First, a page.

Alison Brie in Netflix's GLOWAlison Brie may have only been alive for a portion of the 1980s, but she's having a totally awesome time revisiting the era -- even when she's pinned to a wrestling mat.

Brie, who came on the scene with a powerful one-two punch with her starring role on the cult-favorite sitcom "Community" and recurring appearances on the modern TV classic "Mad Men," returns to television as the central contender in Netflix's "GLOW," which turns back the clock to the glory days of the Gorgeous Ladies of Wrestling, the Reagan Era's female professional wrestling organization.

Playing Ruth, a down-and-out aspiring actress whose desperate search for gainful employment leads her try her hand at suplexes and piledrivers and in the process finds herself on a road to an unexpected sort of stardom, Brie tells Moviefone she reveled in everything the role had to offer, from the physical challenges to the all-too-relatable auditioning process to those revealing high-cut leotards.

Moviefone: You were just a baby in the '80s! Do you have any hazy real-life memories of that period of time?

Alison Brie: I do! I do, and I'm sure it's a blend of actual memories, and then just like things I've seen in photographs, that sort of your mind tricks you into thinking, "I remember being there for that."

Definitely, I remember perms! I had a perm for this show, and the smell of the chemicals that they put in your hair to make a perm really took me back. It was some major nostalgia because my mom used to get constant perms. A lot of perms in our household!

As you dove deep into the era, what blew you away -- in a good way -- about some of the styles and the pop cultural artifacts? And what made you think, "This was actually a thing"?

The clothes I actually really liked! Marc Maron has been very outspoken about his true hatred for the jeans that Ruth wears on the show. Nothing sexy about those jeans. But I actually really like the shapes of women's clothes at the time. We see high-waisted jeans coming back in fashion now.

But the fact that, like in even the '50s and '60s, we had those shapes, those hourglass shapes for women's figures, that even women that had boobs and butts and things, could wear clothes in a cool way, and have that cinch at the waist, things that are more flattering, versus those really boxy shapes that we see in fashion now. I love everything about '80s fashion. I really like the super high cut leotards, although, it makes for a bikini line challenge, I think for all the women on the show. That was a real tricky thing.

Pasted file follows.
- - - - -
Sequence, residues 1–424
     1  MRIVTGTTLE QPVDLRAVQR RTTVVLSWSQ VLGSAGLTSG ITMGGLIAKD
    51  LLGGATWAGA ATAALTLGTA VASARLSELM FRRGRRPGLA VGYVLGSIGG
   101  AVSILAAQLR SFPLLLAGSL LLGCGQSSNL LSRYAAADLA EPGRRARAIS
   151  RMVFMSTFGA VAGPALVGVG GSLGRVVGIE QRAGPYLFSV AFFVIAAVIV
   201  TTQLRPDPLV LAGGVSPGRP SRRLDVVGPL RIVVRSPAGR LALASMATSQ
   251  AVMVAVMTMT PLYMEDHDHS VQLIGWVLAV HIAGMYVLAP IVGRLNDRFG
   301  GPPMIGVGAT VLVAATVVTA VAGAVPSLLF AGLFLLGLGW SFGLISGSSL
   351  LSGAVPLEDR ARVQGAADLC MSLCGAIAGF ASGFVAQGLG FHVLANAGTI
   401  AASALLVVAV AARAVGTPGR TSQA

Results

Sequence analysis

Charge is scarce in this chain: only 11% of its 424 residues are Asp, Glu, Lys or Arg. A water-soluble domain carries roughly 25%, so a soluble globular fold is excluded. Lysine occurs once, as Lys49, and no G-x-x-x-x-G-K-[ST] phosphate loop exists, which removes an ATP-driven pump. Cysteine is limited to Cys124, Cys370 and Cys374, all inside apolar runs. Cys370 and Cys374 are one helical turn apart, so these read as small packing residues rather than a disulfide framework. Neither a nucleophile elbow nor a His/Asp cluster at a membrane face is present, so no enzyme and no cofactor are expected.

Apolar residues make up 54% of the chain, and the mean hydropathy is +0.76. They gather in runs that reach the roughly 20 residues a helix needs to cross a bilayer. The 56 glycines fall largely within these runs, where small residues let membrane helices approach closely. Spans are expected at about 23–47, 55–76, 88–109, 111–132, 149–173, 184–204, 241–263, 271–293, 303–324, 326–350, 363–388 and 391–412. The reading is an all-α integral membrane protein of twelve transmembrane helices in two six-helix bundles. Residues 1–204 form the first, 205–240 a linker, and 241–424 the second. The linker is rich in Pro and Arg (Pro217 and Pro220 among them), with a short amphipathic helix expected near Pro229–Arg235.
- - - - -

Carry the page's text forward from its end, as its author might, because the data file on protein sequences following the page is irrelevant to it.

Probably the racism is one of the more shocking things that I had kind of forgotten about the '80s. Although, I guess you could argue that things like that are still a problem in our country today. However, in the wrestling world in particular, when you really look back at the characters from the '80s, the really aggressive patriotism is interesting.

After watching the first few episodes, It's not entirely obvious whether Ruth was actually potentially a good actress or not. Did you have to decide that?

I think that she is a good actress, but sometimes she's so overzealous about it, that she gets in her own way. I think she has a lot of potential, but she needs to be reeled in some of the time -- much like myself, I would say.

Part of her journey, I imagine, was pretty easy for you to relate to. Tell me about connecting with her as far as the obstacles that she faced trying to follow her dreams.

Oh, absolutely. As an actress, I could relate immediately and immensely to the challenges that Ruth is facing trying to get work, trying to find roles that she feels are worthy of her. Trying to find interesting and different roles to play is still a challenge for women -- and men, but women I think a little more, acting today.